Heaven and hell are real places for most Americans. The Scripture teaches that nothing unclean will enter the presence of God in heaven (Rev. 21:27). Because of that, many believe in a spiritual realm where souls go when they have not been condemned to hell, yet are still not cleansed of sin enough to enter heaven. The purgatory.
The Roman Catholic doctrine defines purgatory as a place of “purification, so as to achieve the holiness necessary to enter the joy of heaven,” which is experienced by those “who die in God’s grace and friendship, but still imperfectly purified”
For believers, Heaven is living in the presence of God for eternity, while hell is a place of unending torment, removed from the goodness of God. Theologians today talk about the suffering of souls in hell as enduring endless sorrow with no possibility of a reprieve.
It’s impossible to know exactly what’s inside purgatory and what souls go through as they pass along, but according to Fr. Dwight Longenecker, a Catholic priest, “the hardships endured by the faithful as they climb their way through purgatory toward heaven, it is actually a joyful place. “The pains in hell are punitive, but purgatory is purgative.”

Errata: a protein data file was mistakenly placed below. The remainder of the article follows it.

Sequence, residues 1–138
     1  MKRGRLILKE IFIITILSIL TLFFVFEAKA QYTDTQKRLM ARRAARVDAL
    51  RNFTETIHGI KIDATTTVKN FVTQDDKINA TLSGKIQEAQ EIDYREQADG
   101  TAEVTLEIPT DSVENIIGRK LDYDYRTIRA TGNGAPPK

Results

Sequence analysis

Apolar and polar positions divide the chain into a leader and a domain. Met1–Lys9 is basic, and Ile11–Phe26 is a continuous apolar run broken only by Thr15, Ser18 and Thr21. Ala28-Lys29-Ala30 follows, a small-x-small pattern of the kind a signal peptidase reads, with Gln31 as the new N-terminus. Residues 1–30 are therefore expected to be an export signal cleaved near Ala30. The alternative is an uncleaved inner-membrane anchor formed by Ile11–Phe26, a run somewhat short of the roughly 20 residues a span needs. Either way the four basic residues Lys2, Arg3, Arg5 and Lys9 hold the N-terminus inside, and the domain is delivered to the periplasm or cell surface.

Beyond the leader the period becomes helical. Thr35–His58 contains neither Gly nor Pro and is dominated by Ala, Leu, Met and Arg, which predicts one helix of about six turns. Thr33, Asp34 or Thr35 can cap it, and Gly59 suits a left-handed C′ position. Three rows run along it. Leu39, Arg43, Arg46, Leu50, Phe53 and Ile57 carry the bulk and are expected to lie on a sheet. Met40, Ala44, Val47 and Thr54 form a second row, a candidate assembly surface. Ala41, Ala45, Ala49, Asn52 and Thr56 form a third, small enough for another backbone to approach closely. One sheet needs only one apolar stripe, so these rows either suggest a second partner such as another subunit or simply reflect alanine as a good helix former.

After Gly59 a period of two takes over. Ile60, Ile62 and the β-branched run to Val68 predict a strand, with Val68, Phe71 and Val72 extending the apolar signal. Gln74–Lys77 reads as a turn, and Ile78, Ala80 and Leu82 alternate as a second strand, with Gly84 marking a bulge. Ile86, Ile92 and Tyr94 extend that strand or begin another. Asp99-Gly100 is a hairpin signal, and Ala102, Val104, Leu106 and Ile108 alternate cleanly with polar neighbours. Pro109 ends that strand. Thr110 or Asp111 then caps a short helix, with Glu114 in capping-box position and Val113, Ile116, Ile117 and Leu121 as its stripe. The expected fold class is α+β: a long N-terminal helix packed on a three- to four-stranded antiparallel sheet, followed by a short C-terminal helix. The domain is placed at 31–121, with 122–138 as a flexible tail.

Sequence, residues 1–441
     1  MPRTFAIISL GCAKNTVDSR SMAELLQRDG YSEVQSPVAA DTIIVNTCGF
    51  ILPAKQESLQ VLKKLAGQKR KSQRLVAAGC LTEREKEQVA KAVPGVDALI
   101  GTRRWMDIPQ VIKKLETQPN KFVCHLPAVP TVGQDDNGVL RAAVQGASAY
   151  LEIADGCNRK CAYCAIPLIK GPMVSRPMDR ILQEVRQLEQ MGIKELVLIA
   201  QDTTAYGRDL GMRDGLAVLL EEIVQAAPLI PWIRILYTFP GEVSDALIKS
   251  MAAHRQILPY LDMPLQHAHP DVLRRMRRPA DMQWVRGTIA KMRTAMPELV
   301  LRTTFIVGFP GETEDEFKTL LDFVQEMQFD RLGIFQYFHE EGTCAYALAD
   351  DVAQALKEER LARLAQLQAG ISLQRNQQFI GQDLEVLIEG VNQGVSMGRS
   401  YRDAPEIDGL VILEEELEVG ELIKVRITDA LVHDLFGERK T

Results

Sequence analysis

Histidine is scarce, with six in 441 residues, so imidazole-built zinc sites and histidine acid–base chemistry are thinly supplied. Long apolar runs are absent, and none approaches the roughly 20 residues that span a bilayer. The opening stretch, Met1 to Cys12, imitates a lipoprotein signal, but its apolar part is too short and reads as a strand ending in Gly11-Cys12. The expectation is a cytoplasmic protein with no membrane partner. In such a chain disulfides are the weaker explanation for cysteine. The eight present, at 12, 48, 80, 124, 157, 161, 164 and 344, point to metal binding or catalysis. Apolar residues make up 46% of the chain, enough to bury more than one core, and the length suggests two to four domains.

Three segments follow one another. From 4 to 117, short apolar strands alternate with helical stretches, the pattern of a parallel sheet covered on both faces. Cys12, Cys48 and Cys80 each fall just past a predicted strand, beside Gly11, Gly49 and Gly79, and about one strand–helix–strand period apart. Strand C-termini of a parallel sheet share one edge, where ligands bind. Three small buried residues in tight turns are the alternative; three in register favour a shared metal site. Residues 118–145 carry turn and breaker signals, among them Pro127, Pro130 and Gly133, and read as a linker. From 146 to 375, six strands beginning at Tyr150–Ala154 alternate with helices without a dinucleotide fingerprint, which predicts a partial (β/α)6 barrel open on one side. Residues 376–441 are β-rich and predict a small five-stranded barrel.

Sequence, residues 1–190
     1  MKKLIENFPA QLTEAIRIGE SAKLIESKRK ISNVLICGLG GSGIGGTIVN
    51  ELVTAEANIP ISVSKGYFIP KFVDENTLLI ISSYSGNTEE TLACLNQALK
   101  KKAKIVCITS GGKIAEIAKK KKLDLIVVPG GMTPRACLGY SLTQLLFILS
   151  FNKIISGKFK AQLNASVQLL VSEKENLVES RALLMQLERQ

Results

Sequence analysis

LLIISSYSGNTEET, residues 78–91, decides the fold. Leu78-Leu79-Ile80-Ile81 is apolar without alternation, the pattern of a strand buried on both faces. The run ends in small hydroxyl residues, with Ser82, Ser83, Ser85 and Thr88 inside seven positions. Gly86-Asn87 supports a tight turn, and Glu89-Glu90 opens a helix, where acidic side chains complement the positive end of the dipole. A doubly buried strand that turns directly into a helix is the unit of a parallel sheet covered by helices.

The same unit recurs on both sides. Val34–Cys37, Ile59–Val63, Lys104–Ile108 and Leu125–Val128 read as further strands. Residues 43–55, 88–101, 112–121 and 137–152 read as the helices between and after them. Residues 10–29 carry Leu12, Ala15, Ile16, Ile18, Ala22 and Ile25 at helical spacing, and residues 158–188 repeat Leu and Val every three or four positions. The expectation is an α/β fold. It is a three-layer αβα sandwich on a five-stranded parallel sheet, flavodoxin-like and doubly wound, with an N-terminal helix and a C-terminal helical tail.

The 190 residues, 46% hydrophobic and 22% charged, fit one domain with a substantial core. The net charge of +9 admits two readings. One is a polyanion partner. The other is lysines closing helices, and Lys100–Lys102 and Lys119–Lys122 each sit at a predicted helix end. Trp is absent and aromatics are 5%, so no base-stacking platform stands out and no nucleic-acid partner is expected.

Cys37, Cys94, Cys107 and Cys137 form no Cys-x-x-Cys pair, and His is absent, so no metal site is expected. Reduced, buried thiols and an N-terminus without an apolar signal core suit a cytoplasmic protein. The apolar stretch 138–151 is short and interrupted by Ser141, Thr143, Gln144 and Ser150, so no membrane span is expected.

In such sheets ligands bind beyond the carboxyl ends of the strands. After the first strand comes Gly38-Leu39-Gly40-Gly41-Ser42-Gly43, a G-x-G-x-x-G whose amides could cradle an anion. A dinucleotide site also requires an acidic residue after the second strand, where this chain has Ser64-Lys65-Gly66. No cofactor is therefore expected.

“When we pray for the ‘repose of the souls’ of our departed loved ones, it sounds like a passive activity. It sounds like we are merely putting them to bed and praying for them to rest in peace. However, our prayers for the departed should be understood in a more active way. They are not sleeping. If they are in purgatory, they are still on their journeys,” Longenecker wrote.
While Catholic teachings are anchored in the believe that human beings can truly be holy enough to enter heaven directly after death, it also suggest that most souls need to be further refined, spiritually speaking, before joining God for eternity. However, Evangelical Christians generally reject the idea of a ‘purgatory” as unbiblical.
What do you believe?